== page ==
‘Tommy’ silhouettes will remember fallen soldiers

WW1 memorials in Sheffield Cathedral. The Tommy memorial. Picture: Chris Etchells
WW1 memorials in Sheffield Cathedral. The Tommy memorial. Picture: Chris Etchells

Life sized, metal figures of British soldiers will appear as part of Wakefield’s commemoration services to mark Armistice Day 2018.

The four ‘Tommy’ figures will stand beside the War Memorial on Sunday, November 11, as part of the First World War centenary commemorations.

The figures, which will be present at the annual wreath laying service, stand at six feet tall and are designed to serve as a reminder of the millions of lives sacrificed between 1914-1918.

Coun Peter Box, leader of Wakefield Council, said: “The 100th anniversary of the end of World War I is especially poignant.

“It is a time for us all to reflect on events in the past and to remember all those who have given their lives in the service of their country.

“I urge people to come to a remembrance event, to go and see the Tommy silhouettes and to reflect on the sacrifices so many people have made for their country.”

The silhouettes will find a permanent home once the commemorations have ended.

A series of events will be held to mark the 100th anniversary of the end of the war, starting with the Royal British Legion’s national two minute silence on Friday, November 9.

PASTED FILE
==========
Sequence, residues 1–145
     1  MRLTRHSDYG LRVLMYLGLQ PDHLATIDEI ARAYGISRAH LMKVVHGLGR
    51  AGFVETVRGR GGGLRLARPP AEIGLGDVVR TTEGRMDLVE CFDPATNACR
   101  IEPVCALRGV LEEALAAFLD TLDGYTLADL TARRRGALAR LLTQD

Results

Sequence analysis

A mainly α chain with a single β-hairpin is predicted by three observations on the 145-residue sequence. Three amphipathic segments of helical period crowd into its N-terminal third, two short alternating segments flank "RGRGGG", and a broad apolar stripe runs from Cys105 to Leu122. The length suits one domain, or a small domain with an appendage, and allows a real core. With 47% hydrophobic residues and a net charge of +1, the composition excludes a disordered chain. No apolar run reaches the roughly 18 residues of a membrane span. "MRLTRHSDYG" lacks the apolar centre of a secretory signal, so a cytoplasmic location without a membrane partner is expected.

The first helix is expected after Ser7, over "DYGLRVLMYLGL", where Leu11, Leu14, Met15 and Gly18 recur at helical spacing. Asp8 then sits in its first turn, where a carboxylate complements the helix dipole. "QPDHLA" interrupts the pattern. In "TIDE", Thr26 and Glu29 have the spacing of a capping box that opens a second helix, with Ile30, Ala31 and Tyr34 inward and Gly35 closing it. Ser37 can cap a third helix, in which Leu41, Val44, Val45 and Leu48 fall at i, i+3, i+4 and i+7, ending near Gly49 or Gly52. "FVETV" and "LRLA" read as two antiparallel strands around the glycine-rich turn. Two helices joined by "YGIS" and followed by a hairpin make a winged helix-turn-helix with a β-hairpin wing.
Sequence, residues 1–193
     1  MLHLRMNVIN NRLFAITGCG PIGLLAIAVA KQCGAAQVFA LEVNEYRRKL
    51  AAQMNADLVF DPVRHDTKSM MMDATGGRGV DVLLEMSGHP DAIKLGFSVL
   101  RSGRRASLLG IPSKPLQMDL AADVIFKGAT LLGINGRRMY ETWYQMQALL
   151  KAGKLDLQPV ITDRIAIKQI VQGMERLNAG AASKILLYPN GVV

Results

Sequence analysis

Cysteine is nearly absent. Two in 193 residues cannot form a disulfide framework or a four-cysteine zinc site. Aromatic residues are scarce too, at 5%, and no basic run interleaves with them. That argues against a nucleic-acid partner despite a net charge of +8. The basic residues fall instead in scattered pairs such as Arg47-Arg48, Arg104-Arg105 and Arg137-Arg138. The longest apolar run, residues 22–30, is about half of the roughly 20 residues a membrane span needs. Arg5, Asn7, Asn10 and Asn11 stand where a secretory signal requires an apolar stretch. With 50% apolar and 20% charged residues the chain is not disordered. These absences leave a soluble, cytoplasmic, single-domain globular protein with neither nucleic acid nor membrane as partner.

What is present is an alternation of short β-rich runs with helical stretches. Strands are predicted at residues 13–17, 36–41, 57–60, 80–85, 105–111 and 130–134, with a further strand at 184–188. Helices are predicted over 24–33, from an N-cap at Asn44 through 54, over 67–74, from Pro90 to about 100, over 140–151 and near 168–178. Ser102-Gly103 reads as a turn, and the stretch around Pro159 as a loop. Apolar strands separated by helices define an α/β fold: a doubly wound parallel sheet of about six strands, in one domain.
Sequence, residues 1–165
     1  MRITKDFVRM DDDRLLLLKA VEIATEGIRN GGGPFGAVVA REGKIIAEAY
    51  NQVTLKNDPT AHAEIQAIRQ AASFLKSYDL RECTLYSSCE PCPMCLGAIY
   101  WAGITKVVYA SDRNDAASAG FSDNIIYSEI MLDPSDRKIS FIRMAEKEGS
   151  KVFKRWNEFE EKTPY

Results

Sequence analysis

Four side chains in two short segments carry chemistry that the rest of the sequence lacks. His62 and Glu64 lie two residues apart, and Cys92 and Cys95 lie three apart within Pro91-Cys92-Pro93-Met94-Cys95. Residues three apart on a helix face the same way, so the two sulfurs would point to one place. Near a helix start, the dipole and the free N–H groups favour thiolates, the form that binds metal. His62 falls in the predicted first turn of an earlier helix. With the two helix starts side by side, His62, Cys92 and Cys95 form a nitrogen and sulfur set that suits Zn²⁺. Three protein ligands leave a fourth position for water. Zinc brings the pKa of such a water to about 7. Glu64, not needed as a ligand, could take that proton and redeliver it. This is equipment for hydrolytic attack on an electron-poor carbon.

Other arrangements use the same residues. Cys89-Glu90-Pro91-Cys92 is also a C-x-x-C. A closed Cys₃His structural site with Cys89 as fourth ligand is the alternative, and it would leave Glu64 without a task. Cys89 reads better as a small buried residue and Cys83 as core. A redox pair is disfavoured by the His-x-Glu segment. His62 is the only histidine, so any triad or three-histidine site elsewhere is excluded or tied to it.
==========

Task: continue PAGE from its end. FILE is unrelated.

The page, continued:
A wreath laying service will take place at the war memorial on Sunday, November 11, followed by the sounding of the cathedral bells at 12.30pm.

Later that day, the Festival of Remembrance will take place at Wakefield Cathedral from 4.30pm, and will include a ceremony for reflection, followed by the lighting of the Wakefield beacon.

Coun Stuart Heptinstall, mayor of Wakefield, said: “I hope many people will come to a remembrance event to show pride, appreciation and respect for all those who have fought for their country and the freedom we enjoy today.”

The Tommy figures are part of the national ‘There but Not There’ campaign, which aims to honour those who died in the First World War.

The Express worked with the council to bring the figures to the city in honour of those lost in the First World War.